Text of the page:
A team of scientists led by the US National Center for Atmospheric Research (NCAR) is undertaking research on the capacity of the Southern Ocean to absorb carbon dioxide.

Nasa and other participants are carrying out research flights over the remote seas in Antarctica to understand how oxygen and carbon dioxide are exchanged between the air and the Southern Ocean.

The O2 / N2 ratio and CO2 Airborne Southern Ocean Study (Orcas), funded by the National Science Foundation’s Division of Polar programmes, enables scientists to know whether the capacity of the ocean to lock away carbon dioxide has increased over the years.

Orcas programme director Peter Milne said: "Building on decades of US Antarctic programme research, new questions of global significance continue to emerge.

"Orcas addresses one of those questions: how the Southern Ocean affects global climate by storing, or releasing, carbon dioxide, water vapour and heat."

The research holds importance at a time when global temperatures have been rising due to increased carbon emissions.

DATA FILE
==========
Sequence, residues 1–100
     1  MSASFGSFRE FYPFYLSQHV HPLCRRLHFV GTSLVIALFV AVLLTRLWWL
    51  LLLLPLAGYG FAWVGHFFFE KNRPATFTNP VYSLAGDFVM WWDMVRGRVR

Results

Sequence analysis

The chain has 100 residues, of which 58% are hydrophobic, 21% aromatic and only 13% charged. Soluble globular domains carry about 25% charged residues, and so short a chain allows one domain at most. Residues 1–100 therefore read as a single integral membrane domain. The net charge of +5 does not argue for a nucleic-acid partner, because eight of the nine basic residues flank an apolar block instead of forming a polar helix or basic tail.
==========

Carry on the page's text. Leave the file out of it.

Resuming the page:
Though the Southern Ocean has stepped up its locking capacity, it is not known whether waters can sustain this capability, as previous studies have not come to any firm conclusion on the matter.

"The Southern Ocean is very inaccessible, and existing measurements represent only a few tiny dots on a huge map."

Orcas research is expected to gather additional data that will provide new insights on chemical, physical and biological processes affecting the ocean’s ability to absorb the greenhouse gas.

Nasa Jet Propulsion Laboratory’s Michelle Gierach is one of the principal investigators in the project, which has drawn scientists from various universities and research institutions.

Orcas co-lead principal investigator Britton Stephens said: "The Southern Ocean is very inaccessible, and existing measurements represent only a few tiny dots on a huge map.

"Understanding the Southern Ocean’s role is important, because ocean circulation there provides a major opportunity for the exchange of carbon between the atmosphere and the vast reservoir of the deep ocean."

Scheduled to end on 28 February, the campaign will see the NSF / NCAR Hiaper research aircraft make 14 flights across the ocean from Punta Arenas, Chile.

Hiaper is a Gulfstream V jet modified to install a suite of instruments to measure distribution of oxygen and carbon dioxide, as well as other gases produced by marine micro-organisms, microscopic airborne particles and clouds.

The flights will also observe ocean colour, which will help researchers know the quantity and type of phytoplankton present in the water.

Image: Research will provide scientists with additional data to measure the distribution of oxygen and carbon dioxide. Photo: courtesy of Flickr user Reeve Jolliffe / CC BY-NC-ND 2.0.